Sound is always produced and heard as a vibration, whether a violin string, vocal chords, or an ear drum. Sound vibrations in our hearing range vary between 20 and 20,000 cycles per second. Sound waves travel in air as vibrating air molecules, and also through water as pressure waves. Underwater microphones, or hydrophones, have long been used to track whale migrations, fish populations and submarines. The devices also service undersea oil wells and map the seafloor.
Major shortcomings of hydrophones include their insensitivity to weak sound vibrations, and also their failure to operate under conditions of high pressures at great water depths. Hydrophones, as well as our own eardrums, typically have an air chamber on the inner side of a vibrating membrane. This design works well in air, but pressure changes under water compress the membrane inward and interfere with its vibration.
Scientists at Stanford University recently improved underwater sound detection by copying the hearing ability of orcas, also called killer whales. These magnificent creatures have specialized ear drums which function over a great range of intensity (loudness), frequency (low to high pitches), and pressure (depth of water). This ability results from orcas being designed with water on both sides of their eardrum. This feature adjusts to pressure changes and allows them to hear clearly at any depth of water. Orcas communicate with squeals and clicks over distances of miles. The newly designed electronic hydrophones have a vibrating membrane enveloped in water and covered with microscopic openings. The tiny holes maintain equal pressure on the sides of the membrane regardless of water depth. Inside the instrument, a laser beam reflects from the membrane and measures small vibrations, somewhat like a DVD player detects a reflected laser signal from a spinning disk. The new underwater detector measures sounds over a frequency range of 17 octaves and a loudness range of 160 decibels with hundreds of times the sensitivity of our own hearing. Most likely, orca whales have hearing ability far beyond even that of the new instruments.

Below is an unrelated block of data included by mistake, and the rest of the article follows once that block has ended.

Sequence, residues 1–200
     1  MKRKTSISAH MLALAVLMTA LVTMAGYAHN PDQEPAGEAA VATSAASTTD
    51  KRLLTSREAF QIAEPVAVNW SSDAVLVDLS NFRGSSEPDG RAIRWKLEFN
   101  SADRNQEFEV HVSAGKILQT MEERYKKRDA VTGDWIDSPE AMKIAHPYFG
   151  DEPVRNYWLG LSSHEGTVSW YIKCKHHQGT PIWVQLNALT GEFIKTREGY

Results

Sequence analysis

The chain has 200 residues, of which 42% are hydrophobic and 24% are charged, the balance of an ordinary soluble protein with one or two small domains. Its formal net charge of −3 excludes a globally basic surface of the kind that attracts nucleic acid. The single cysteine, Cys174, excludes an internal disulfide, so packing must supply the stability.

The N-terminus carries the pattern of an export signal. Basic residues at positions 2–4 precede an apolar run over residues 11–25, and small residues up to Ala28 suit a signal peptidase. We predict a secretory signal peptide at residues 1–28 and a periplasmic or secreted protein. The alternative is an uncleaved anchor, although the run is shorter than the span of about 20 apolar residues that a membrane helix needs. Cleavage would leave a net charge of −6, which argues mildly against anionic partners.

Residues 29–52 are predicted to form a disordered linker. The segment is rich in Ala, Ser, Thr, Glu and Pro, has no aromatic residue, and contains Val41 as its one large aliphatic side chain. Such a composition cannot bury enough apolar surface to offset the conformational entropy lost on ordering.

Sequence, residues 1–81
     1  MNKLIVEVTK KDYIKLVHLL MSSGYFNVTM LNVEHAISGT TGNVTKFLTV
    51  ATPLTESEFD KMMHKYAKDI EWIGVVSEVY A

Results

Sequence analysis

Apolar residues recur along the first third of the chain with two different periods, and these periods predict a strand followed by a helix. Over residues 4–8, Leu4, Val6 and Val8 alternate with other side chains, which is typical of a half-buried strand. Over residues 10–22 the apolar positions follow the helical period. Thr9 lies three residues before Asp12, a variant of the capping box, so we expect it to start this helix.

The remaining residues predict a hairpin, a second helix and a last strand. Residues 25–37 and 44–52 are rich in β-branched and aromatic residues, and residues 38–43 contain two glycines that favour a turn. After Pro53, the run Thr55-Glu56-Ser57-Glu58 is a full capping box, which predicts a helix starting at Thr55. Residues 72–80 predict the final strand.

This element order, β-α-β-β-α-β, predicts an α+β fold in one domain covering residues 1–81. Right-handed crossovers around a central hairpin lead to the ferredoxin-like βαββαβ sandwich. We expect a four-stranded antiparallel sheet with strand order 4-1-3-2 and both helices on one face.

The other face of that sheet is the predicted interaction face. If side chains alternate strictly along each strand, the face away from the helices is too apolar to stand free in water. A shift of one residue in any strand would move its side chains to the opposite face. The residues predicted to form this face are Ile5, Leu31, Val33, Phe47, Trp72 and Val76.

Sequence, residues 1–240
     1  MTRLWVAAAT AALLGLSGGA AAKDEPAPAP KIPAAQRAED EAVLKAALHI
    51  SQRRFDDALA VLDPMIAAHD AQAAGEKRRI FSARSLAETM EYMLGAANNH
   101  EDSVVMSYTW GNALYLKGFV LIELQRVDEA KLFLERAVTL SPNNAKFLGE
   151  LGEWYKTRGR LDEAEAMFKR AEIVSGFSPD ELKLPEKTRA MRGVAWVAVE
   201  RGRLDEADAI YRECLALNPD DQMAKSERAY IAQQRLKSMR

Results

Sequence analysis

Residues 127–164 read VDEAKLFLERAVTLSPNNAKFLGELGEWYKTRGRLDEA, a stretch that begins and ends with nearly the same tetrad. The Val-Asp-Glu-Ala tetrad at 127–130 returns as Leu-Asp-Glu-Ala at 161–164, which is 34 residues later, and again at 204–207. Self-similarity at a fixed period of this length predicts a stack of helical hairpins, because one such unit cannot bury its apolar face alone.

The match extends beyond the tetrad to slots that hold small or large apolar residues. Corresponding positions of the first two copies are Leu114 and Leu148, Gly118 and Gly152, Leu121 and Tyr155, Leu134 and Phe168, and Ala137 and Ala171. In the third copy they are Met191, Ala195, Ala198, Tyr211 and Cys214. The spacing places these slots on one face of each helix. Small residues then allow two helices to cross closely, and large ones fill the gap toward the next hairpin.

It is typically assumed that orcas and all other creatures have fine-tuned their abilities over millions of years with mutations and natural selection. However, this explanation fails in at least three ways. First, mutations are genetic mistakes and do not increase the complexity or design of living organisms. Second, some of the most impressive designs in nature are found in fossils such as trilobites. The fossil record does not show a progressive increase in design over time. Instead, intelligent design clearly has been present since the Creation. Third, many impressive designs are found in nonliving parts of nature, carbon buckyballs for example.
Their sound recordings can be heard at
Scientists at Stanford University
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